I have often heard it said in Christian circles that emotions can’t be trusted. I don’t like things that can’t be trusted. Imagine a fuel gauge in your car that is giving accurate feedback 50% of the time, but you have no idea when it’s right and when it’s wrong. Basically, it becomes 100% useless.
For most of us, our emotions don’t always line up with our core values and beliefs. We sincerely desire to experience and display emotions that are consistent with the fruit of the spirit (Galatians 5:22), but frequently we find ourselves inwardly (and outwardly) experiencing and displaying the opposite (Romans 7:15).
What the heck?
As a result, many of us have concluded and have even been taught that we should work hard to suppress negative emotions. And if we are going to have any emotions at all, we need to work on conjuring up the positive ones. I don’t know about you, but that’s never really worked for me or those closest to me.
If you study emotions in the Bible, it is apparent that God has emotions and that the key characters in his story experienced them too: sometimes in healthy ways and sometimes not. So, if God made them, they must be good for something, even though they seem to behave like wild horses at times.
How useful would it be if God gave us a gentile pin prick every time we began to take action or think in a direction that was based on a lie that we unknowingly adopted as truth? How about a whisper of encouragement in our ear when we are taking action or thinking in a direction that aligns with his truth? I believe God uses emotions to give us helpful cues. If we pay attention, these cues are incredibly useful. They are still very complex and challenging to manage, but these “wild horses” can be bridled and ridden. They can take us to an often mysterious destination: a place where we see what we actually believe at an instinctual level. We can then focus on challenging our false beliefs and affirming the beliefs that are true.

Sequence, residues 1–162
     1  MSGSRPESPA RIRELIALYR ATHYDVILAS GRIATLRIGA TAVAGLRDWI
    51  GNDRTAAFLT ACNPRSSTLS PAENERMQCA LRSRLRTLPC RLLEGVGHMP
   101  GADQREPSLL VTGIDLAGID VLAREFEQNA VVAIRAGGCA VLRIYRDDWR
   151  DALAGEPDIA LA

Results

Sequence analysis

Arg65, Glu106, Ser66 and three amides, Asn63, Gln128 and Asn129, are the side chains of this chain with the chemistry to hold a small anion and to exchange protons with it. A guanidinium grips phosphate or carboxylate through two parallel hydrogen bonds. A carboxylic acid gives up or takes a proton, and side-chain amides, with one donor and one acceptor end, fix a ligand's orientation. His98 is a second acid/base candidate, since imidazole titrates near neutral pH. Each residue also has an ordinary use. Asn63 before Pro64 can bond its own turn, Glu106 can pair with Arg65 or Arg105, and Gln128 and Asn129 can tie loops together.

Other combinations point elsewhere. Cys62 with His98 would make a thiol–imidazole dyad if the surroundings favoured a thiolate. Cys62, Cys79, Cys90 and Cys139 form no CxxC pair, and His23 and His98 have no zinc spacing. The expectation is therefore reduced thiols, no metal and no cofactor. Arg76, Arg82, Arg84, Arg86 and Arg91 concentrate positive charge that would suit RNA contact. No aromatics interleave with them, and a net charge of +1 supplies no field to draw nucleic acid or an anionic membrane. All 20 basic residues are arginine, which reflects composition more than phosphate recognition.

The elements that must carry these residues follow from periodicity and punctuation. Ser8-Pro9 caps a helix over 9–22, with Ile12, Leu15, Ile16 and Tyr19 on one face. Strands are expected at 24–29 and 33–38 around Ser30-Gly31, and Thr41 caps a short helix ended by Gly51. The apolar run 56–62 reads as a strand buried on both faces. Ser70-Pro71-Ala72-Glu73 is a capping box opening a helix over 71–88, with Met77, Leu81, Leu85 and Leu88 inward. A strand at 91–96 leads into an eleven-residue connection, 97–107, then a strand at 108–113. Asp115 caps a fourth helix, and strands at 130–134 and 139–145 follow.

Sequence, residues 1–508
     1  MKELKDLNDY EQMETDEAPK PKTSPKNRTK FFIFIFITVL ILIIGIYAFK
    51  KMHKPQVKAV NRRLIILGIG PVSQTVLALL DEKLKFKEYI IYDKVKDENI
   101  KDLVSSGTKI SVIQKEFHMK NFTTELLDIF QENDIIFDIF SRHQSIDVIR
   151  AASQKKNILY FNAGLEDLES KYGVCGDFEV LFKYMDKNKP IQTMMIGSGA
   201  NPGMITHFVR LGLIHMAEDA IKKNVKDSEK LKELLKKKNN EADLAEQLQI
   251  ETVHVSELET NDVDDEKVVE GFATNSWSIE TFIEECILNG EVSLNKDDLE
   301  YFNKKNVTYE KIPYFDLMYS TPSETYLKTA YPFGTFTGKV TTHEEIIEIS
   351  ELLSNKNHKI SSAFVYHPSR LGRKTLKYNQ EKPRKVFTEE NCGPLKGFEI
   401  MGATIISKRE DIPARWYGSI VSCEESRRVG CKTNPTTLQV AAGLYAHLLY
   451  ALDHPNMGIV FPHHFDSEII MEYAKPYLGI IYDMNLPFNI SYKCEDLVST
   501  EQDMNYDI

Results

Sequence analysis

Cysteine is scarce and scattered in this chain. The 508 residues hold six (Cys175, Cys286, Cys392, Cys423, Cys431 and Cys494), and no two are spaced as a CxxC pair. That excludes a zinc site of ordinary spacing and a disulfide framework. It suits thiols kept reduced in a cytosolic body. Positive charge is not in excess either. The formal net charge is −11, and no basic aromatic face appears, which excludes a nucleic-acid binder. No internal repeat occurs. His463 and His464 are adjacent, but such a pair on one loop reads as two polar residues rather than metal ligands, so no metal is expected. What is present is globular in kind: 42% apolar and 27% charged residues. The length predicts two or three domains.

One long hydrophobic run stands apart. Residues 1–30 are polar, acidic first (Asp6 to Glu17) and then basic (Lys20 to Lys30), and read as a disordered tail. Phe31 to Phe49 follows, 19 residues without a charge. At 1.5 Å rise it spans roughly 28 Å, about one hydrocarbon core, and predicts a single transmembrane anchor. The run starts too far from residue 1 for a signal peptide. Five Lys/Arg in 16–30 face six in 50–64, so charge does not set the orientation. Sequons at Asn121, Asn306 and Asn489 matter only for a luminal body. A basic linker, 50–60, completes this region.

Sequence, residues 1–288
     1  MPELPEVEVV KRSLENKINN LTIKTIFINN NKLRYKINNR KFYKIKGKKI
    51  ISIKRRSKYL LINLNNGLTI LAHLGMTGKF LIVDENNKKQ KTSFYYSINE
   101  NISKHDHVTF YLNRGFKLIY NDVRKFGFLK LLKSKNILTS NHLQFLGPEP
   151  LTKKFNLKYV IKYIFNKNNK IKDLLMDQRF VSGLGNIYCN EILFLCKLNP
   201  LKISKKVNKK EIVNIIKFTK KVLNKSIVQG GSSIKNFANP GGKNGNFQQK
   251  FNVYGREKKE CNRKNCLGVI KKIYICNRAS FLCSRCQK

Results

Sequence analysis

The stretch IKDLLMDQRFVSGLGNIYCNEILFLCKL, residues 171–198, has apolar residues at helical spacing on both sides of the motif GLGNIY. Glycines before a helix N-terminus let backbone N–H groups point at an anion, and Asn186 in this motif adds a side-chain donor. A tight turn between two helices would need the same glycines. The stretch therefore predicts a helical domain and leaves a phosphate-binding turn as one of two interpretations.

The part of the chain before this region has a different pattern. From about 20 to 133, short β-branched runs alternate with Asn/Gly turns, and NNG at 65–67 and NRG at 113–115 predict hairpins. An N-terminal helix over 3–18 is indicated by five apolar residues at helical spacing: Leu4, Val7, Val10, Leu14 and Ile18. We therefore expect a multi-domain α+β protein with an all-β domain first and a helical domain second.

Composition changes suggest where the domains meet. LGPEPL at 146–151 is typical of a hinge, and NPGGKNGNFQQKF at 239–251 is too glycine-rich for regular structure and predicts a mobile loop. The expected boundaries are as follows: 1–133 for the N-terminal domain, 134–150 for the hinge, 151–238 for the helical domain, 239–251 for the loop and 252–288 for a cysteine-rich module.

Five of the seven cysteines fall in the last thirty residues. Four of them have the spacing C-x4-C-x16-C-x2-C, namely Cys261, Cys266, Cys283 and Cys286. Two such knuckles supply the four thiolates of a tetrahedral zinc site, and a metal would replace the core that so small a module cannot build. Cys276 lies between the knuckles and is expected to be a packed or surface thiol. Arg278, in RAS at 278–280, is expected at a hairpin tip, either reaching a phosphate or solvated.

Example: My three-year-old son begins to defy me. After several attempts to reason and negotiate, my emotions begin to “rise” (read: unhealthy anger). My attempts to gain compliance and control only seem to drive my son further into rebellion. I know that I should not be disciplining in my anger and that yelling, threatening, and even physically restraining my son are not recommended strategies listed in any respectable parenting book; however, I am compelled by my deep emotion of anger. In retrospect, I discovered that the intense emotion was not the problem, but an indicator of a false belief. I believed that my dignity depended on my three-year-old’s respect and compliance. That’s a ridiculous belief, but keeping my dignity is not. Time to reject the lie that ties my dignity to a three-year-old’s behavior.
I would propose emotions are not something to be ignored or shut off. They have important purposes, including uncovering what we actually believe about ourselves and God. The process of bridling and riding these “wild horses” to their destination (our hidden beliefs) takes some humility and introspection with the Lord, but it’s a ride well worth taking. Remember, our negative emotions are not the problem; it’s our instinctual beliefs that drive them. It’s been said that emotions do not validate truth, BUT they do validate what we believe the truth to be.